If you can't answer the above, you probably shouldn't do it.

All too often companies get caught in thinking that new technology in itself is the differentiation factor. But as most successful businesses know. Innovations have an introduction curve and not everyone should take advantage of a given technology just because it's available.


Designing successful products has more to do with understanding what doesn't work than with what works. If you can get your company in a position where you can "feel" the state of your product, you are able to make smarter decisions and in effect will have a better chance of success.

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Thomas PetersenThomas Petersen is the co-founder of hello, a digital creative agency that designs and develops products and services. He writes on Black&WhiteTM and on twitter @hello_world.

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Sunday, March 14, 2010

Is Crowdsourcing Disrupting the Design Industry?

"This is an issue that I simply cannot wrap my head around. Spec work appears in the design field infinitely more times than any other industry. It absolutely floors me that people think that it is even remotely ethical to build their businesses by tearing down ours."

- Mark Hemmis' comment on AIGA policy statement on spec work

by Hutch Carpenter

Is Crowdsourcing Disrupting the Design Industry?The past couple years have seen an increase in the use of crowdsourcing by companies to procure design assets. It works like this:

  1. Requesting organization posts a request for submissions to a design crowdsourcing site (e.g. 99designs, crowdSPRING, MycroBurst, etc.)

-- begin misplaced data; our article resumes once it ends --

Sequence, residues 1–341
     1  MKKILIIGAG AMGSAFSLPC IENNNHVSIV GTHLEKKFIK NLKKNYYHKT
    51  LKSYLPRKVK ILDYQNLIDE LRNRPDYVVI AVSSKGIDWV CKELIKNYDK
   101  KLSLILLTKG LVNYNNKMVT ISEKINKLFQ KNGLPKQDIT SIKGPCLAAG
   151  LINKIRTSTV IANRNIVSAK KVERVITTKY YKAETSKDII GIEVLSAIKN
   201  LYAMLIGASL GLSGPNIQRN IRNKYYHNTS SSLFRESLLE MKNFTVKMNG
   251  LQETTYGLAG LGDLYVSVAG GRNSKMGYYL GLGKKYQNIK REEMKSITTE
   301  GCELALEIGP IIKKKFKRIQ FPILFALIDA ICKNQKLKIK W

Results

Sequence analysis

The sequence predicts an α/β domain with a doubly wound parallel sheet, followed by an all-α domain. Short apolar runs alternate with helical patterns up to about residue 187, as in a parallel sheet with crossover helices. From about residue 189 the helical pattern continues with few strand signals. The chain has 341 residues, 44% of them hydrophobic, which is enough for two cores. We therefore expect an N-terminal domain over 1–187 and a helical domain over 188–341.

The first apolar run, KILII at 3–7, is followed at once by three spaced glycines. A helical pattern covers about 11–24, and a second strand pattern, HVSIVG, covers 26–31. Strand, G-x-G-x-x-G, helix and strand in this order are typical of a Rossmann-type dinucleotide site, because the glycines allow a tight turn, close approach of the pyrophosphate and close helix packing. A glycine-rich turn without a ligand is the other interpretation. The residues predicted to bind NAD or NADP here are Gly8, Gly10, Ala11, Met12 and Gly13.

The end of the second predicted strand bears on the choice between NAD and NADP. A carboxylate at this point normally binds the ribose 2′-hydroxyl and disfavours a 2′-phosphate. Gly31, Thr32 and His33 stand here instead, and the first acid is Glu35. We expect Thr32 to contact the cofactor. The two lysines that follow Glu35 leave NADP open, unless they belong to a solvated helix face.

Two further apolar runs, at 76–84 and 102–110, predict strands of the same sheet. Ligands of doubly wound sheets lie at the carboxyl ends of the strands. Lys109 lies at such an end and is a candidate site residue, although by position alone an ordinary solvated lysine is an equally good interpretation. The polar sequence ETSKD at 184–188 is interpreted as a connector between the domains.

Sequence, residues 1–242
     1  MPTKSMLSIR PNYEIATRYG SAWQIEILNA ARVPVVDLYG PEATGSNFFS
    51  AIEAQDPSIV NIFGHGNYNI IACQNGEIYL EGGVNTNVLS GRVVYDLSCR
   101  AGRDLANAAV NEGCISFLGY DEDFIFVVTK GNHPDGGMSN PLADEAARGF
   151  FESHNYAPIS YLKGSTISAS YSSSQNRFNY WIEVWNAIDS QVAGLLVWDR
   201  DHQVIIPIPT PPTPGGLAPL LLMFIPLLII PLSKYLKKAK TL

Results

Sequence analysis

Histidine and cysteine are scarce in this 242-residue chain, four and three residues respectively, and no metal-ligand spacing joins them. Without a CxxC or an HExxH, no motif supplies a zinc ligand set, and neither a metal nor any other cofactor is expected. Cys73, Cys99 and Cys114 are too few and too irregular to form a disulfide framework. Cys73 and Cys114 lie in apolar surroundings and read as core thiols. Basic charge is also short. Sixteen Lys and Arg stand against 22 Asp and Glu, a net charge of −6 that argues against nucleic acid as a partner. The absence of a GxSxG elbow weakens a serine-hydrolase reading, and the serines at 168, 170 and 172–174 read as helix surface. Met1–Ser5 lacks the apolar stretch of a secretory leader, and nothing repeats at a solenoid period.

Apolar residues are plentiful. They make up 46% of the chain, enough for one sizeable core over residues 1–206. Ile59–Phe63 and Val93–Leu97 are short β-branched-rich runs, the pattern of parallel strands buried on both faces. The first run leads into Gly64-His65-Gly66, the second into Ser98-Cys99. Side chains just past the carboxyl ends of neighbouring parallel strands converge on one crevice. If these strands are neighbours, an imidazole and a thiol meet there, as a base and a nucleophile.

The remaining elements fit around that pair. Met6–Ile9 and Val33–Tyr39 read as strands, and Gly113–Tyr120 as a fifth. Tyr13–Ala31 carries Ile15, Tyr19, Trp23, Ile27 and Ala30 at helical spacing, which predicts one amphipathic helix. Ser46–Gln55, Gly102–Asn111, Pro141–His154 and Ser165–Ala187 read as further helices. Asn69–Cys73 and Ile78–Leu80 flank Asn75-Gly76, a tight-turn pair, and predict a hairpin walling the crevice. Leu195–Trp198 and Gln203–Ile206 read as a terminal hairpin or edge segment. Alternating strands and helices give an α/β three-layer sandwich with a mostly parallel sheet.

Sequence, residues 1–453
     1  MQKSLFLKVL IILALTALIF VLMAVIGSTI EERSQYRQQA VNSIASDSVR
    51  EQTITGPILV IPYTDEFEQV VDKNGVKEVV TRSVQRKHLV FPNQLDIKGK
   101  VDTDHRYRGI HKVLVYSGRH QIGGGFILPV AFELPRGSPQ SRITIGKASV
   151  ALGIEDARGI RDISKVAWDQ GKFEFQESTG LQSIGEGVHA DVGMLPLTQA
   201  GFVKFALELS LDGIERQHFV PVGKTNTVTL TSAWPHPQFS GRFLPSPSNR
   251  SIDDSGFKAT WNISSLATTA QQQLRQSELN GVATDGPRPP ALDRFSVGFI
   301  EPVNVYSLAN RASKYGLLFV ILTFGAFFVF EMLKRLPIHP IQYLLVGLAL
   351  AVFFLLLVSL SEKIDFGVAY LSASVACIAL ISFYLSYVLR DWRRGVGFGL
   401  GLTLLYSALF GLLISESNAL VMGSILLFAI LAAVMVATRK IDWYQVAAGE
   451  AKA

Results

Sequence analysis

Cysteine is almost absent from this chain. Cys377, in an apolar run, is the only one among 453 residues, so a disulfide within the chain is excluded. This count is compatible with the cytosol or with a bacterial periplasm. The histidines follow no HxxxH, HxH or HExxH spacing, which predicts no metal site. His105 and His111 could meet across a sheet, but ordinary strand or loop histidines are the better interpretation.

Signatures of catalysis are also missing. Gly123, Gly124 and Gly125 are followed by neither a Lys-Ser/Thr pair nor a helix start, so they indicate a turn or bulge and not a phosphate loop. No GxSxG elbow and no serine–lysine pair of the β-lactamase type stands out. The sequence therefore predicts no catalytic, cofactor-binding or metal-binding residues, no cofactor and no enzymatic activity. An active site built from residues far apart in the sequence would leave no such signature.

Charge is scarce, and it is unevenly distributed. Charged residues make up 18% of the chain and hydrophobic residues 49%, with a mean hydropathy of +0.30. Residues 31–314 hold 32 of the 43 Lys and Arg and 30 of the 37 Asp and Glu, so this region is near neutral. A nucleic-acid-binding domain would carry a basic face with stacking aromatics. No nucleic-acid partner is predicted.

2. Interested designers review the request, and create their entry
  3. They submit their entry to the site
  4. Requesting organization selects its favorite, pays the winning designer the announced fee

These design requests are often for logos, but for a number of other types of initiatives as well. For example, 99designs' list of requests (to the right) gives some sense of the types of projects.

So far, so good, right? Well, a lot of designers think not. As Mark Hemmis' comment above shows, these open spec work contests have been raising the ire of the designer community.

Is crowdsourcing ripping their industry asunder?

Designers' Beefs with Crowdsourcing

Three aspects of crowdsourcing design raise concern for many in the design industry:

  1. Lack of compensation for designers whose entries are not selected
  2. Diminishes the design profession
  3. Not sustainable in the long term

Compensation: To be competitive, individuals will need to invest some time in designing a submission for a company. With a good number of entries, this equates to a decent number of hours invested. According to Pamela Pfiffner: